Rishi Sunak: Rail workers tired of being ‘foot soldiers’ in RMT’s ‘class war’
Rail workers are tired of being “foot soldiers” in the union RMT’s “class war,” according to Prime Minister Rishi Sunak.
The PM said the deals offered to both railway staff and Border Force workers have been “fair” and yet “affordable to taxpayers.”
“An increasing number of union members want a deal,” Sunak wrote in The Sun on Sunday. “They are tired of being foot soldiers in Mick Lynch’s class war.”
The comments come as services slowly restarted on Sunday after RMT members working at Network Rail and 14 other operators walked out this week as they rejected an eight per cent pay increase put forward by train companies.
Workers are also expected to down tools on 3, 4, 6, 7 January as part of their long-standing dispute over jobs and salaries.
Separately, Network Rail staff will go on strike from 6pm on Christmas Eve to 6am on 27 December as they binned a nine per cent offer – which was accepted by the unions TSSA and Unite.
“The unions are causing misery for millions, with transport strikes in particular cruelly timed to hit outings at Christmas,” Sunak added.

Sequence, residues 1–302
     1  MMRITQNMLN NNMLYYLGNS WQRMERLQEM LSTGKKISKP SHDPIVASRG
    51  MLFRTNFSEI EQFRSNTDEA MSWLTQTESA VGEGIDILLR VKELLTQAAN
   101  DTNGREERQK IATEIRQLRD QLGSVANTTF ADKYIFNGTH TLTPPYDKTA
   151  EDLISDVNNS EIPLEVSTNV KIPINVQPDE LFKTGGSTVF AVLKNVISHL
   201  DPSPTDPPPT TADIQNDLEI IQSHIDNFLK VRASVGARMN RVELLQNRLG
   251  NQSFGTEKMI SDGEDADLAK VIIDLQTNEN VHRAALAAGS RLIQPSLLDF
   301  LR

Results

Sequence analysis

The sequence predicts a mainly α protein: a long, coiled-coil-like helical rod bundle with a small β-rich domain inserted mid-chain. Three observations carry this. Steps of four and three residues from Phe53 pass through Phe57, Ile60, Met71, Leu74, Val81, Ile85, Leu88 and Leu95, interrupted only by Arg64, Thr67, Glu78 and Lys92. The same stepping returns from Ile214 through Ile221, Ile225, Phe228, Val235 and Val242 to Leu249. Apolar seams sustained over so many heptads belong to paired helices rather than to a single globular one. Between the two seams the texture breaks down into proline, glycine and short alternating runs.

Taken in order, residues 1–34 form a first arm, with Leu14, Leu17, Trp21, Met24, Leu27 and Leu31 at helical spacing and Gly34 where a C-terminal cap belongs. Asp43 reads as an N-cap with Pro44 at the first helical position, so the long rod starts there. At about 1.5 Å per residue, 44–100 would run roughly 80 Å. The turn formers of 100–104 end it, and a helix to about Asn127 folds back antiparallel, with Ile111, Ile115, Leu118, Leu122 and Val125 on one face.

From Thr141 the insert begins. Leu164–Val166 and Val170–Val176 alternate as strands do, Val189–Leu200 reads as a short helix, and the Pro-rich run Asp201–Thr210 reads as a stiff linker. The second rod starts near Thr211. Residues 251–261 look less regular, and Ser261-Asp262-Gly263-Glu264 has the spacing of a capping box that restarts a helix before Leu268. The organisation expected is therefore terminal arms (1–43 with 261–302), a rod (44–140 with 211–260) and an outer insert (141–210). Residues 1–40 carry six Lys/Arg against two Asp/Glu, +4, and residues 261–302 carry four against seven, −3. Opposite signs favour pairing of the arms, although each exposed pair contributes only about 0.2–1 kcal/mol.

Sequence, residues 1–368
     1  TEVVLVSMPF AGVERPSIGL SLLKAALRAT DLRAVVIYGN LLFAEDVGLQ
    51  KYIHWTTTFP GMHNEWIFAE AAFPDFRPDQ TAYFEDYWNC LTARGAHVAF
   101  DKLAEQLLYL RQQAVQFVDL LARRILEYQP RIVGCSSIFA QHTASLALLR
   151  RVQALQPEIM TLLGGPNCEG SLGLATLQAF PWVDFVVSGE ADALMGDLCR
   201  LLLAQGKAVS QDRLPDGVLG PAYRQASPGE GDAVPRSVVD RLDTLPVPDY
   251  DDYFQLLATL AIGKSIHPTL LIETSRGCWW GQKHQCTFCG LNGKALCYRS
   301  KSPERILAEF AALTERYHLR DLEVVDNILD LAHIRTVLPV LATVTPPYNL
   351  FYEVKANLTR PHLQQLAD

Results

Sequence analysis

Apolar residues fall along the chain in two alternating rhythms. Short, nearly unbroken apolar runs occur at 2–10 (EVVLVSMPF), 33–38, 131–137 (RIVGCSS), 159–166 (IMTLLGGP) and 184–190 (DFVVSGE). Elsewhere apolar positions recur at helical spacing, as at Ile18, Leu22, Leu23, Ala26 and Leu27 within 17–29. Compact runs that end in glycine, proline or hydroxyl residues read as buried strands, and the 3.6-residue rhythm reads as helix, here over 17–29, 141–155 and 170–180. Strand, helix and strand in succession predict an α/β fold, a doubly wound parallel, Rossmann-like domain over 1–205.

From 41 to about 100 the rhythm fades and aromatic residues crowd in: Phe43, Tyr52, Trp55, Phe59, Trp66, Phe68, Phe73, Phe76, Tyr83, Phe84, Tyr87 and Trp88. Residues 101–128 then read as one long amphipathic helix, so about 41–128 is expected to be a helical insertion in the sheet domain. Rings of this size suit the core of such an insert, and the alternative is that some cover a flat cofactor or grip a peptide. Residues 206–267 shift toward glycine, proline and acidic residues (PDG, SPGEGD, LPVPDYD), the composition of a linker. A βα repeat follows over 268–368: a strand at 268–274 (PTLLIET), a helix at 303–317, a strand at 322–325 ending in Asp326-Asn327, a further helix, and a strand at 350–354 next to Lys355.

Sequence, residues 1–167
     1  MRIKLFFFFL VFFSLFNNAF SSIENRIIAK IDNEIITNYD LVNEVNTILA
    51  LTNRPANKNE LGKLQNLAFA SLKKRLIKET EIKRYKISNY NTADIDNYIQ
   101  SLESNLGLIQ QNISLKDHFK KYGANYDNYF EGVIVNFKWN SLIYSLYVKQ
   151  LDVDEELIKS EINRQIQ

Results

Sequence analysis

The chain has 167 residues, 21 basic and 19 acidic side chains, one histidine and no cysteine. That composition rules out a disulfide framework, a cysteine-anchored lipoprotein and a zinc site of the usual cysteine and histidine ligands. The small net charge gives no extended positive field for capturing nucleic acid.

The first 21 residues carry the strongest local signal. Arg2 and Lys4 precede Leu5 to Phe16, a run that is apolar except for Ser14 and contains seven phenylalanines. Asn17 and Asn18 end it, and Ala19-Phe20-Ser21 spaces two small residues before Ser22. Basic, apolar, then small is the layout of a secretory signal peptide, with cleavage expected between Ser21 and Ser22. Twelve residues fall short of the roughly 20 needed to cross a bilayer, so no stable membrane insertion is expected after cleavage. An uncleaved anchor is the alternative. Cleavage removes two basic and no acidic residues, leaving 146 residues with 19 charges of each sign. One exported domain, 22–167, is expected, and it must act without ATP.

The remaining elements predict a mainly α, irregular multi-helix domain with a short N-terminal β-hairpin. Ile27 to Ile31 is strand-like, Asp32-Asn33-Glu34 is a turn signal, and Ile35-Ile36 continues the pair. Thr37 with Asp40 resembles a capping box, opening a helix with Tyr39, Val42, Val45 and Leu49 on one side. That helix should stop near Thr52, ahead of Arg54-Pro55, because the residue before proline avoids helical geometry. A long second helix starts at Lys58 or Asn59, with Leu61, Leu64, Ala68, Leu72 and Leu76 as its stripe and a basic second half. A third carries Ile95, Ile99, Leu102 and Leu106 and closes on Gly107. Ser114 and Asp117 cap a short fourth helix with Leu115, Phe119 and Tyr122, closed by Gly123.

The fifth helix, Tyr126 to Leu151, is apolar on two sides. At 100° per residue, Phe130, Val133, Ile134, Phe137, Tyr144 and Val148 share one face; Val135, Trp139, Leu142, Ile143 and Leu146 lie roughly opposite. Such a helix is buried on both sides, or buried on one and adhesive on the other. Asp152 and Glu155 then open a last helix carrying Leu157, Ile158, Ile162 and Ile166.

Industry groups UKHospitality and the Night Time Industries Association (NTIA) have estimated that the sector would haemorrhage between £1.5bn and £2bn in lost revenues.
“Even Labour has admitted the unions’ demands are unaffordable,” Sunak wrote. “But they’ll still take union money and undermine the interests of the public.”
Lynch has recently attacked the Labour Party, accusing it of “prevarication” when it came to workers’ rights. The claims were vehemently denied by the party.
The union boss has nevertheless remained optimistic about resolving the dispute fairly soon.
“I know that there some very simple steps that the employers and ourselves could take together to get a solution to this,” Lynch said on Friday after a meeting with rail minister Huw Merriman and employers didn’t lead to a breakthrough.
“And I think we could do that in the next period.”
The Labour Party and the RMT were approached for comment.